Fade Out and Heavens End Reissues

Received wisdom would have you believe that the late 80s music scene was little more than the jangle of fey indie pop and dancey house grooves while anyone wishing to have their ears ripped to shreds by serious shards of noise would have to look to the other side of the Atlantic to get their jollies. Utter cock, of course, and as if to prove the point comes the timely arrival of the remasters of Loop’s first two albums.

Rewind: Along with Spacemen 3 and My Bloody Valentine, South London noise terrorists Loop were one of the few bands that referenced the nastier end of the 60s dream. For sure, many bands name-checked the poisoned majesty of The Velvet Underground or The Stooges’ minimalist hammerings, but the best that most of the C86 crowd could manage were watered down facsimiles of the New York band’s third album. So while the lovely ‘I’m Set Free’ et al set the template for the anorak wearers, those seduced by the lure of black leather, fringes and winkle-pickers were left wanting when it came to worshipping the domestic bastard offspring of ‘Sister Ray’.

As displayed by the coruscating blast of white light/white heat of ‘Soundhead’ that opened 1987 debut Heaven’s End, Loop had picked up the gauntlet laid down by the Jesus & Mary Chain’s ‘Never Understand’ and ran with it at full pelt. The likes of ‘Straight To Your Heart’ and ‘Fix To Fall’ eschewed the Mary Chain’s innate pop sensibility and took The Stooges’ moronic riffing to an even more simplistic degree and smothered them with layers of dense wah-wah and heavily treated guitar. In a decade where overdriven guitars hanging below the nipples were decried by the overly-sensitive as “rockist’ or, heaven forbid, “heavy metal”, Loop’s hypnomonotony was the drugged-up antidote to the diluted tweeness that pervaded the air.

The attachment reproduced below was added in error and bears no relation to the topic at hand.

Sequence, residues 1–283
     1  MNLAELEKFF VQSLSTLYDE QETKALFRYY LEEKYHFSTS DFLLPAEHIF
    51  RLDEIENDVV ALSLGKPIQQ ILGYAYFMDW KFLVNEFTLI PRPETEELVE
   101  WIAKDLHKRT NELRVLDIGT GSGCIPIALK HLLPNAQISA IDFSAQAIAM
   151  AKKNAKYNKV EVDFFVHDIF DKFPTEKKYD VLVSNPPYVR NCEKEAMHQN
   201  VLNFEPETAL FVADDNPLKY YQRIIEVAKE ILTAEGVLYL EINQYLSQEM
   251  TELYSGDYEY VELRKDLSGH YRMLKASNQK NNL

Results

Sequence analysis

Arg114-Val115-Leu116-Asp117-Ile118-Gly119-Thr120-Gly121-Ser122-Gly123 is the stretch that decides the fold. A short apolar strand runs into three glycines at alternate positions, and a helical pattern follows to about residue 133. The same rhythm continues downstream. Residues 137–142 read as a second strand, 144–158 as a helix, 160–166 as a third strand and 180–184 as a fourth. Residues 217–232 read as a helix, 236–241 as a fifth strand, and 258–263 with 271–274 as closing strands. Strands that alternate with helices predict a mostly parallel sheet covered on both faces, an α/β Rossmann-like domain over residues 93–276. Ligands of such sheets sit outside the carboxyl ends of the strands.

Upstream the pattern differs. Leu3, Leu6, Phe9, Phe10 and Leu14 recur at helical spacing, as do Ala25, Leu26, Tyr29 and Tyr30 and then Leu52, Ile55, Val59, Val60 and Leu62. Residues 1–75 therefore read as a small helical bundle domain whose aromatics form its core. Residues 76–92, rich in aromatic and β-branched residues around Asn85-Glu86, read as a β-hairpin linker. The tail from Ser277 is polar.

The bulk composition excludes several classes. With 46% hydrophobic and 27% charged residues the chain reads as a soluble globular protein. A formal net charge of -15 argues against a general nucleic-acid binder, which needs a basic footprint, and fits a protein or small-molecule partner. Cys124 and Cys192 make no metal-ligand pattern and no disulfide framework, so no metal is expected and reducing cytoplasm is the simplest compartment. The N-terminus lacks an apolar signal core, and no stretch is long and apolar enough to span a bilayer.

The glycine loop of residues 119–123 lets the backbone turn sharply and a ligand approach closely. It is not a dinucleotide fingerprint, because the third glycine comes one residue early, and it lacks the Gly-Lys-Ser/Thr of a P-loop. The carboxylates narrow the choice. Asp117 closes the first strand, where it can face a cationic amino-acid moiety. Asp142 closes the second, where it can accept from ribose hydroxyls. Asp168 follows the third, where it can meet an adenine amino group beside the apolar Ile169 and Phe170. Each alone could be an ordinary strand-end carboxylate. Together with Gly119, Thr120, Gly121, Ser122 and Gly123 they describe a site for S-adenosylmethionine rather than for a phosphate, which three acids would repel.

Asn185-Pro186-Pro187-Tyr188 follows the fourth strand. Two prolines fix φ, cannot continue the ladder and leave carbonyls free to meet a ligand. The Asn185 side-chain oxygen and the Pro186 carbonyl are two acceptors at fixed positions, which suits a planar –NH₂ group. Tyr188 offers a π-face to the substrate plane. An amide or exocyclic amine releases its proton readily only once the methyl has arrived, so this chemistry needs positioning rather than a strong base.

Fade Out, released a year later, was heralded by the arrival of the monstrous ‘Collision’. Bigger, bolder and ballsier than what had gone on before, Loop had now started introducing an increasing number of Krautrock influences. So it was that ‘This Is Where You End’ and ‘Pulse’ were propelled by harder, pile-driving rhythms that upped the band’s ante by some considerable margin while the ferocity of the guitar attacks increased accordingly.

What makes these two re-issues doubly tantalising isn’t just the re-mastering that cranks up the volume and clarity needed for the best aural experience but the additional discs that make up the albums. Featuring alternate mixes and versions, the band’s second Peel Session reveals superior versions of ‘This Is Where You End’, ‘Collision’ and ‘Pulse’ while the band’s rendition of Suicide’s ‘Rocket USA’ remains a textbook example of how to take an influence, twist it yet still have the ability to turn the listener on to the original.

Loop may have fallen off the critical radar in favour of the reformed My Bloody Valentine and the continuing adventures of Jason Pierce’s Spiritualized but as these reissues conclusively show, the Croydon space cadets were every bit their equal and their influence is still keenly felt in heirs Secret Machines and Dead Meadow. What’s more, with their masterpiece, ‘A Glided Eternity’, slotted in for the same re-issue treatment next year, to come, there’s every chance that Loop’s rehabilitation will soon be complete.

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